Wrenshall man sentenced in kidnapping, assault case
A Wrenshall man who carved the word "snitch" across a kidnap victim's chest and posted a photo of the victim on Snapchat was sentenced to 50 months in prison Tuesday, Jan. 30.
Scott Kendrick Lindgren, 21, was charged in May 2017 with seven felonies related to the alleged kidnapping and assault of a 17-year-old Duluth teen at his Silver Brook Township home May 15. Lindgren was released from jail after posting bond and subsequently fled. He was re-arrested May 31 in Washington state after a warrant was issued for alleged threats of violence and witness tampering.
Under the terms of a plea deal, Lindgren pleaded guilty to felony charges of kidnapping (with no safe release) and third-degree assault in one case, and terroristic threats in the second case. Charges of second degree assault, false imprisonment, fifth-degree possession of marijuana and threats of violence were dismissed.
According to the criminal complaint, deputies were dispatched to the home near Wrenshall after a 911 caller said there was a juvenile being held hostage and "in really bad shape, tied to a chair and getting his head stomped on."
Lindgren and accomplices allegedly held the victim against his will, tying him to a chair and carving or scratching the word "snitch" into his chest with a sharp object. The victim had several other injuries including a large burn on his neck, and reported that he was pistol whipped to the top of the head. He had a severe head injury.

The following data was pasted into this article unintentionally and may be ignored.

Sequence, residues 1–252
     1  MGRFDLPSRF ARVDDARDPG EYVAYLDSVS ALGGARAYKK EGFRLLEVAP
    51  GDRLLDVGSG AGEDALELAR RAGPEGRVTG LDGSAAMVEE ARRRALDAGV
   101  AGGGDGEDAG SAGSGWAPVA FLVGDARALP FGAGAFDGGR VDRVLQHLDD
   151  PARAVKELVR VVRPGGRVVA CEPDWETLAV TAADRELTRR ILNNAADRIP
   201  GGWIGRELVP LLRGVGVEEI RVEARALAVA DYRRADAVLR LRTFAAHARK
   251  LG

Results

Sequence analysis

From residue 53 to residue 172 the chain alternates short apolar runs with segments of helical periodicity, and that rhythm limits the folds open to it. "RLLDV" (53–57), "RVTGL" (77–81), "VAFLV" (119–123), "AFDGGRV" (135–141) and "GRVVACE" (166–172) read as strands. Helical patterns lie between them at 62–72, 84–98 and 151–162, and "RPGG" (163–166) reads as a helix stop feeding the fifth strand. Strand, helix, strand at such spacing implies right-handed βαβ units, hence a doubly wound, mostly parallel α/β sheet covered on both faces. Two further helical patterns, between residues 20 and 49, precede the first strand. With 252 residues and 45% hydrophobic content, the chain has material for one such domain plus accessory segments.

He identified Lindgren as the person who carved the word into his chest.
Assistant Carlton County Attorney Michael Boese said the decision to offer the plea deal was made in conjunction with the victim, noting that the victim had also been willing to testify should the case go to trial. He noted that Lindgren had no prior criminal history, and that the 50-month sentence was within guidelines.
Boese said the victim is doing well in his life now, played two sports this year at high school and is planning to join the Marines after graduation.
"If anything good came out of this, it's that he (the victim) took the lesson that being involved in the sale of illicit drugs is not a path to future success," he told the court.
Defense attorney Joanna Wiegert said Lindgren had realized that he would end up in prison or dead if he continued down his current path.
"He expressed intent to utilize his time (in prison) effectively to get himself on the right track," Wiegert said, noting later that it was a good deal for him. "He is highly motivated and has a new baby. I saw him change from someone who was angry to remorseful and looking forward to try to make something positive out of something very negative."
Lindgren spoke during the hearing, thanking the court for the "very reasonable" plea agreement.
"Sometime everyone needs to take responsibility for what happened," he said. "You play with fire, you get burned."
Judge Leslie Beiers stressed to Lindgren that these were very serious crimes and noted that she reviewed the presentence investigation several times, and saw he expressed remorse there.
"I don't hear that as much today," she said, noting that he was at a crossroads in his life. "You can take advantage of treatment opportunities, parenting classes, education — it's really up to you," she said in front of a courtroom filled mostly with Lindgren's friends and family members. "If you continue your past behavior, I think everyone can predict the ending."
Lindgren was also sentenced to 15 months for assault, to be served concurrently with the 50-month sentence, at the Minnesota Correctional Facility in St. Cloud. He has been at St. Cloud since he pleaded guilty. He will be credited for 255 days already served.